The vehicular side is enormous...and yet, APG is having beyond-expectation success in the stationary side. *Customers* of APG...and I stress that because I don't mean "people testing it" - I mean entities that have completed their testing of APG's system side by side with Caterpillar's Dynamic Gas Blend, Hythane's system, Eco-Dual's, and some options from Cummins, and have *ordered, installed, and are using* APG's product include some "tiny little nobodies" (lol) like: SHELL OIL, Apache Energy, Cudd Energy, Haliburton, a contractor of FedEx, and several others. That's endorsing enough for this Odaat! :-)

    As for sustainability and the recent runup, I don't try to time the market, and a few pennies make no difference to me. That said, this strength is due to earnings, orders, and solid conference call. If there are some surprise large orders reflected in the 1Q14 earnings, then it's definitely upward from there. However, I do believe that this crazy weather has put rigs and cartage into survival operation mode, which may have delayed some orders, so I am not looking to see 1Q14's report to be some blow-it-out-of-the-water earnings. However, in that time, and in the coming few months, I see the orders ramping up in truly exponential fashion, and APG being cash-positive, if not actually profitable, before the end of this calendar year...and maybe even by the end of their fiscal year (Sept).

    We could see the low .70's again in the coming weeks, so if pennies matter and you are trying to time it, go for it. However, in my opinion, when we look back, anyone who gets in under $2.00 is going to be very happy...and those who did it under 78 cents, elated.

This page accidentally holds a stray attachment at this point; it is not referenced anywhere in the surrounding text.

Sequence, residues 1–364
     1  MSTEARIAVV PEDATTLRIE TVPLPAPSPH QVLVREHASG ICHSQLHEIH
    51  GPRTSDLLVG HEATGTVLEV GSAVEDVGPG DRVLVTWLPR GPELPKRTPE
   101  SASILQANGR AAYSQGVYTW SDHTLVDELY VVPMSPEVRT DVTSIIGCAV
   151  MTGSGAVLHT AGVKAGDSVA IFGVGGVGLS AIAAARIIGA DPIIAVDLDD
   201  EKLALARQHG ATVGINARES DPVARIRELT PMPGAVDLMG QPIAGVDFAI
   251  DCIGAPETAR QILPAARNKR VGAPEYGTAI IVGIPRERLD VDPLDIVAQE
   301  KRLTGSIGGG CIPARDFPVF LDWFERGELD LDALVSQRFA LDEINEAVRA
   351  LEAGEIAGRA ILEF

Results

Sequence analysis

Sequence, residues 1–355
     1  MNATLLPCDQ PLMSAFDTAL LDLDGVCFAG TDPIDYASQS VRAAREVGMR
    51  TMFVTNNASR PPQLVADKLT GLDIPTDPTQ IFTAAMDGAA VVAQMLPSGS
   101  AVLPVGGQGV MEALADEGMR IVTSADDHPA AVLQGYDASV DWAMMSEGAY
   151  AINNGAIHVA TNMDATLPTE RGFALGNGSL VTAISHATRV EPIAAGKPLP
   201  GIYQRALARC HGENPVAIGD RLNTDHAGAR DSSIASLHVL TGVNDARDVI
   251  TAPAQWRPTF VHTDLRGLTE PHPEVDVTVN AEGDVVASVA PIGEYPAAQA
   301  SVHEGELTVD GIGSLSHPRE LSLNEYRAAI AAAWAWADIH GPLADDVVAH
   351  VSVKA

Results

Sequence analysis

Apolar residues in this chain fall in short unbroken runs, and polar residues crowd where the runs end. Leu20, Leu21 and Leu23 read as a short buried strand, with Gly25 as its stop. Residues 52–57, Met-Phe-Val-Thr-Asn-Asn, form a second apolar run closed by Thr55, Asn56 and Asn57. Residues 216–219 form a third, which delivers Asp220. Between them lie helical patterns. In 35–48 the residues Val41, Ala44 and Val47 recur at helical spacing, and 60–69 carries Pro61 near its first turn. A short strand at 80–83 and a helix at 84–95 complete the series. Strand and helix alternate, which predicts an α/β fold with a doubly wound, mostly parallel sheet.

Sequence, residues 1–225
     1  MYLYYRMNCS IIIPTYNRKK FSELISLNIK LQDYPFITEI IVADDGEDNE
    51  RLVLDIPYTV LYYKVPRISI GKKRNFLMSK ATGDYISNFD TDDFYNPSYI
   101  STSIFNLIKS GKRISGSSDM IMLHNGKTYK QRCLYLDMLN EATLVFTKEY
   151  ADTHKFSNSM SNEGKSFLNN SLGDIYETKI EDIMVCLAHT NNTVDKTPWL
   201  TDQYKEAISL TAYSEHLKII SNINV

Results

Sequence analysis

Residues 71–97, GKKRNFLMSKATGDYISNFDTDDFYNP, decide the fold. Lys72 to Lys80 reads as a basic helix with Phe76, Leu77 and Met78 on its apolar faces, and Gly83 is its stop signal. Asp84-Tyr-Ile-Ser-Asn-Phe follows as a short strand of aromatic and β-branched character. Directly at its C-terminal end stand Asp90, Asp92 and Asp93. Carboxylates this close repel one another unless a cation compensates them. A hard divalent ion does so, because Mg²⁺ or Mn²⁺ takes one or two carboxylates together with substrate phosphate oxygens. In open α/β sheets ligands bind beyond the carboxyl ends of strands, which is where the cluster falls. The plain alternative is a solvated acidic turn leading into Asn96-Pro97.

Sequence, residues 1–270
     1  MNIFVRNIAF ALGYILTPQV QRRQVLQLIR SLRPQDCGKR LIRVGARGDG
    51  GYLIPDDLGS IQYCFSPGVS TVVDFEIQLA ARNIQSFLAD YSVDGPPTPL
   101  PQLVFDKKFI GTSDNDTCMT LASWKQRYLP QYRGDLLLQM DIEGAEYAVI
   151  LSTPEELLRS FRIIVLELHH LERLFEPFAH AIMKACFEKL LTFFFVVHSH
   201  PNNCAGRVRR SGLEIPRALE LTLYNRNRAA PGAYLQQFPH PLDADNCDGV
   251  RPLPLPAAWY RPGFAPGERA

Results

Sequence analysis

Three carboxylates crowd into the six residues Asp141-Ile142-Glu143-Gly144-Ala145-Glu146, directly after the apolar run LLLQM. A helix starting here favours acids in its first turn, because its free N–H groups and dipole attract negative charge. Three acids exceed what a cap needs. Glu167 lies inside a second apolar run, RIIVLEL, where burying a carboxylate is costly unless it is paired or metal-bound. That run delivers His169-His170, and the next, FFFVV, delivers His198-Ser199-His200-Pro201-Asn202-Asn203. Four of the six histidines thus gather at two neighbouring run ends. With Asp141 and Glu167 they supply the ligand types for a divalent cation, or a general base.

Everyone has to do their own dd, and certainly never invest based on anyone else, especially an internet presence...that said, I'm Odaat, and I do dd in ways that, well...work...and I am accumulating APGI, period. I also believe they will have sales-driven income sufficient to execute the business plan, and uplist, organically / without the need for another capital raise or any reverse split. Yes, the share count is large, but when these earnings keep rolling in, the valuation is not off. I'd rather the larger count so that institutions know they have liquidity.

    Now, that all said, I do not do technical analysis. I am a "company's story" guy. However, my friends who do TA are saying that a few days closing above the 80 cent mark is a big support level, and would be a run...maybe even a "never looks back" run, from there.

    Best wishes to you in your investing endeavors.
    - Odaat
    Feb 20 10:10 AM | Likes Like |Link to Comment
  • American Power Group: The Little (Dual Fuel) Engine That Could [View article]
    My friend, I don't know how much more clear I can make it, but PSI is not a competitor in this field, and has no product to do so, and has no intention of doing so. I knew that already, but just to be certain, I just talked again with my contact at PSI and confirmed this. In that same conversation, it was again encouraging to hear another company indeed commending APGI, and acknowledging that they have a masterful stronghold and lead in that arena, and that the have nothing but positive to say about APGI's technology, leadership, and business plan. PSI is a good company, with a good feel for the industrial market, and openmindedness in regard to the best solutions for their customers. I think they see much more propane market opportunities than other people are giving credit to, as well, and wisely so.